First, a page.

The terror attack on an Indian Army unit in Uri in Jammu and Kashmir may well have its origins in these fault lines; the threat of military conflict with India keeps the Pakistani army perennially powerful domestically and was a reminder to Nawaz to abandon any plans of a détente with Delhi. At the time the prime minister indicated to colleagues that whatever was happening was against his wishes, but was out of his hands. As India retaliated with surgical strikes across the Line of Control, the mounting tensions were the perfect springboard for Raheel to get an extension as all army chiefs before him had. It is at this moment that Nawaz seems to have skilfully bounced back into the game. His supporters say Raheel was keen to stay on for a second term and it was conveyed indirectly to Nawaz that the full fury of the ‘Panama papers’ protests would be unleashed as a consequence of not deferring to the military. One source says Nawaz was “willing to pack up and go home” instead of surrendering to these threats. In a deft management of the crisis, Nawaz encouraged Raheel to accept Saudi Arabia’s request to him to lead a coalition of Muslim countries against terrorism. He thus became the first military chief to not seek an extension in two decades.
With Bajwa in the seat, Nawaz might be feeling a little more optimistic and empowered about reclaiming foreign policy and reviving the stalled dialogue process. Sources say the relative quiet on the LoC—after weeks of grave violations—is not because of the changing weather alone. There are murmurs of a backchannel having opened up again between the two countries. India’s national security adviser Ajit Doval and his Pakistani counterpart Nasir Janjua who previously met in Bangkok under the radar in 2015 are reported to have a renewed line of direct contact. There are other small and tentative signs of a thaw as well. Indian parliamentarians recently travelled to Pakistan for a conference of legislators. Talks were held by both countries on the Indus Waters Treaty, although without success. The government’s cultural body, the Indian Council for Cultural Relations, sponsored the travel of some authors to the Karachi Literature Festival. And Hafiz Saeed, the perpetrator of the 26/11 terror attacks, is under house arrest; perhaps in anticipation of renewed American pressure.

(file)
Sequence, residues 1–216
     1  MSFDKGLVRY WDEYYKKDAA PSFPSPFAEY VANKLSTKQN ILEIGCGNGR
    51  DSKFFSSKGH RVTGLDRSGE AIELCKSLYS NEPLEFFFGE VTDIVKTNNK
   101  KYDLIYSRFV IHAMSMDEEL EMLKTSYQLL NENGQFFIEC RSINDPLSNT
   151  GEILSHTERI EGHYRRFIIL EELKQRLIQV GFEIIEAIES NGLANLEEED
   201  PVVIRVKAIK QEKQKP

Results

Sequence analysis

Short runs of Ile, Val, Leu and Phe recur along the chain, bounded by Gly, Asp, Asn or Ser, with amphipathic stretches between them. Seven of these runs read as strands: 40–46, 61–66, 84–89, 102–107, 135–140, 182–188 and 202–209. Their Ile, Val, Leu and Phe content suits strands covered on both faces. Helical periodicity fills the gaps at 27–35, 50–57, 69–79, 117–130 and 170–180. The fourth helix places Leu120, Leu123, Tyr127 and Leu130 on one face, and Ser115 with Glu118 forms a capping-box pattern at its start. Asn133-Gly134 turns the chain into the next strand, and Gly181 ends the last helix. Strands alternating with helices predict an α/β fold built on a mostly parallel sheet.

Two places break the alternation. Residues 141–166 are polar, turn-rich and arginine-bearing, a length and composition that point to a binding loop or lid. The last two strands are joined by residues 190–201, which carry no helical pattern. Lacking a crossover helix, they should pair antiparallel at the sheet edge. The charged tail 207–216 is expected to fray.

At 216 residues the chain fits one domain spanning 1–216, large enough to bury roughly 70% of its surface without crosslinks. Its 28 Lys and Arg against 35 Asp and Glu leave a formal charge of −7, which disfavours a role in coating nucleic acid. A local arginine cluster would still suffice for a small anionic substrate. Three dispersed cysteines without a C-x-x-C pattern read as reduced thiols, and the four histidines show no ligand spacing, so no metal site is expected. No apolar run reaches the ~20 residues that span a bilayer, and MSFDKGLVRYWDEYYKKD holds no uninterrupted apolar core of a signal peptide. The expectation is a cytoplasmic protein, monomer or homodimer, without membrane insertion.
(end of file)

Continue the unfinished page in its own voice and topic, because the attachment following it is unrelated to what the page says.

Many factors could still trip up even these incremental steps. With byelections around the corner, militant attacks in the Kashmir valley have surged in the past week. A big strike would naturally take both countries back to the drawing board. In Pakistan, a sudden meeting between the army chief and Imran Khan has raised multiple eyebrows. And Nawaz has one last hurdle to cross domestically at a time when an adverse court verdict on the ‘Panama papers’ case could change everything. Yet, among the current crop, he remains the strongest and best-liked civilian leader in Pakistan, poised to win a second term if his government is allowed to last that long.
In June this year, Narendra Modi and Nawaz Sharif will be in attendance at the Shanghai Cooperation Organisation summit. If the Panama clouds lift, Astana, Kazakhstan, could be where the India-Pakistan freeze gets a bit of warmth.